Competition Sociology Notes
Just as cooperation exists as a universal form of social interaction, so is competition found in all societies. Competition grows out of the fact that human needs and desires appears to be insatiable and the goods, prestige, and perquisites that are the rewards for successful competition always are in short supply. People everywhere compete for dwelling space, for mates, for elaborate clothing and other bodily ornaments, and for wealth whether defined in terms of land, animals, money or even cockle shells.
Although all societies acknowledge and support the value of competition in some areas of life, they differ in the relative emphasis that they place on competition and cooperation, cooperation and competition always exist as reciprocal aspects of the same general experience. European capitalist society, generally, has accepted the view that the collective interest further by individual and group competition spurs people on to accomplish more than can be managed under other circumstances. This stands in marked contrast to the beliefs of some other societies; to that of the Zuni Indians of the American South west. The Zunis discouraged the accumulation of wealth and they minimize status differences among themselves.
They also regard overt competitiveness as a matter of taste in their children. There is some justification for this reaction to competition. Competition, however, is an ideal type. An ideal type is a form of concept that is constructed by taking one or more characteristics of a phenomenon and accentuating those characteristics to their logical maximum or reducing them to their logical minimum. The type thus constructed does not represent reality because the very process of its construction involves exaggeration. Ideal types, nevertheless, are very useful as logical standards by which reality can be measured. This often is done by making a pair of ideal types and letting them represent the ends of a continuum or scale. Because the ends of the scale are defined in terms of logical extremes, no existing case falls at either end of the continuum, but all cases may be ranged somewhere along the continuum between the two end points.
Nature and characteristics of Competition
1. Scarcity as a condition of competition: Wherever there are commonly desired goods and services, there is competition. Infact economics starts with its fundamental proposition that while human wants are unlimited the resources that can satisfy these wants are strictly limited. Hence people compete for the possession of these limited resources. As Hamilton has pointed out competition is necessitated by a population of insatiable wants and a world of stubborn and inadequate resources.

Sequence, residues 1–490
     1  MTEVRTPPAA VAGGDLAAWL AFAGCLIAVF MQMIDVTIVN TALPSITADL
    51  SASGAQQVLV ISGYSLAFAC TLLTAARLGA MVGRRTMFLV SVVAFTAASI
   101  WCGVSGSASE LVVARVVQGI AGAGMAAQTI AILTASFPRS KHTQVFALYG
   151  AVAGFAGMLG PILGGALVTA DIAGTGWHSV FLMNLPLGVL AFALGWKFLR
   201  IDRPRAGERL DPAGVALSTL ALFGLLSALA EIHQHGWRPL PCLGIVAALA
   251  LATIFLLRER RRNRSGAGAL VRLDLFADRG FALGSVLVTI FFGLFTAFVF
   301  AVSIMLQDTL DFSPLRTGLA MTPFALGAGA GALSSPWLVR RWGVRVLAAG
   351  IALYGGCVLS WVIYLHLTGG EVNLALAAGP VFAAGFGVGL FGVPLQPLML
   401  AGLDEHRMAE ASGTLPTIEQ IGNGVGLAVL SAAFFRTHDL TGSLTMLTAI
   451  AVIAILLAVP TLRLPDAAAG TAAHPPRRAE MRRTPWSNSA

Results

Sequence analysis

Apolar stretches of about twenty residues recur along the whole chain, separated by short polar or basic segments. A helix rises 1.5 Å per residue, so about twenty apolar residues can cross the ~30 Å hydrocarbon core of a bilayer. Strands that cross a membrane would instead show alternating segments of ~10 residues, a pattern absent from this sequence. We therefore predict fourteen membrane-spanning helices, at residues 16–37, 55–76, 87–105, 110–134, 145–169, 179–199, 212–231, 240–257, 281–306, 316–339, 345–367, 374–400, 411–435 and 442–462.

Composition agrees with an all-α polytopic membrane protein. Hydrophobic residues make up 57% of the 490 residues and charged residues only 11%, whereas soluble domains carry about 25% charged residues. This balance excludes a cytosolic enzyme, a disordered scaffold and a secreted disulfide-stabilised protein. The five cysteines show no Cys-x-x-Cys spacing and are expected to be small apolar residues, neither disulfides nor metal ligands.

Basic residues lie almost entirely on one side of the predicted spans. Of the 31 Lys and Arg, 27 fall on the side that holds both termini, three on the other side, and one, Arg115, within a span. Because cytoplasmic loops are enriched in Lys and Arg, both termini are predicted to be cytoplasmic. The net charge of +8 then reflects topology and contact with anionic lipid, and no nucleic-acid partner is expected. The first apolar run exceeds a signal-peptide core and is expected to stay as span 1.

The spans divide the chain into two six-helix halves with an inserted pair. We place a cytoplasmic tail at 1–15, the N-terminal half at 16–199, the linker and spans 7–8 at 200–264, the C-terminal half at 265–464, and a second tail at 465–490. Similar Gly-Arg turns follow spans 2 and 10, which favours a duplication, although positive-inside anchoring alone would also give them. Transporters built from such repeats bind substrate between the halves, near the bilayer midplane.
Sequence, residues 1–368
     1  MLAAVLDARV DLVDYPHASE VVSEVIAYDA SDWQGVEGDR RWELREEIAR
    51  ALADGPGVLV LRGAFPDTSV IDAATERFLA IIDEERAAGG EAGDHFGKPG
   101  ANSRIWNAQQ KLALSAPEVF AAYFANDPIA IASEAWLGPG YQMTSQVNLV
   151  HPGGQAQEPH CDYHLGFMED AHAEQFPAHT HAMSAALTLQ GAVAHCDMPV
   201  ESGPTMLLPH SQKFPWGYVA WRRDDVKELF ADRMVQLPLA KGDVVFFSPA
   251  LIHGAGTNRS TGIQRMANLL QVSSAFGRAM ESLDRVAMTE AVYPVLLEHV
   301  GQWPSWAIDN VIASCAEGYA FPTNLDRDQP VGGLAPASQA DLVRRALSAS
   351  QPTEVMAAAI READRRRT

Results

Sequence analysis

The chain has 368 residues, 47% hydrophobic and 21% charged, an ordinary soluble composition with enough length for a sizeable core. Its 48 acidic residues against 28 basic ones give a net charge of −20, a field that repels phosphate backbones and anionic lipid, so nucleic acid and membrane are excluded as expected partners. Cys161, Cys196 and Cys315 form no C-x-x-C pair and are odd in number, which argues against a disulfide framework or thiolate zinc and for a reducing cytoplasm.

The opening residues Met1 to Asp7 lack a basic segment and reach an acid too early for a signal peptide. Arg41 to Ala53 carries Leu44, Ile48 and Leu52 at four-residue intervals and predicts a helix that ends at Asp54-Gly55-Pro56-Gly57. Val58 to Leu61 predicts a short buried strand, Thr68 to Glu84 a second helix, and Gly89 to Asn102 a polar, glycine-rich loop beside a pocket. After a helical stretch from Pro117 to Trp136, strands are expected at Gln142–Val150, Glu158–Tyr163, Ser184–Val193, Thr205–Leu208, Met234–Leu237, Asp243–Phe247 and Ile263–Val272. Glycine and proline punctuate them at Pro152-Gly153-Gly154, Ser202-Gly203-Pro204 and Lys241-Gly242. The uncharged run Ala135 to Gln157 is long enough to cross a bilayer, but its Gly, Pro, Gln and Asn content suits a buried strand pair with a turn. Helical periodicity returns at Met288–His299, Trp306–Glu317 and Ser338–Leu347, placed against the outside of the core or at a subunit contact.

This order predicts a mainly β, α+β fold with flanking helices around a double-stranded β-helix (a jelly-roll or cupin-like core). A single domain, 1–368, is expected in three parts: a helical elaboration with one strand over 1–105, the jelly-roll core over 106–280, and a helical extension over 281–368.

2. Competition is continuous: it is found virtually in every area of social activity and social interaction- particularly, competition for status, wealth and fame is always present in almost all societies.
3. Competition is a cause of social change: Competition is a cause of social change in that; it causes persons to adopt new forms of behavior in order to attain desired ends. New forms of behavior involve inventions and innovations which naturally bring about social change.
4. Competition may be personal or impersonal: Competition is normally directed towards a goal and not against any individual. Some times, it takes place without the actual knowledge of other's existence. It is impersonal as in the case of civil service examination in which the contestants are not even aware of one another's identity. Competition may also be personal as when two individuals contest for election to an office. As competition becomes more personal it leads to rivalry and shades into conflict. Competition in the social world is largely impersonal.
5. Competition is always governed by norms: Competition is not limitless nor is it un- regulated. There is no such thing as unrestricted competition. Such a phrase is contradiction in terms. Moral norms or legal rules always govern and control competition. Competitors are expected to use fair tactics and not cut throat devices.
Some sociologists have also spoken of cultural competition. It may take place between two or more cultural groups. Human history provides examples of such a competition for example; there has always been a keen competition between the culture of the native and that of the invaders. Like cooperation, competition occurs at personal, group, and organizational levels. People competing for affection, a promotion, or public office all are examples of personal competition. The competitors are likely to know one another and to regard others defeat as essential to the attainment of their own goals.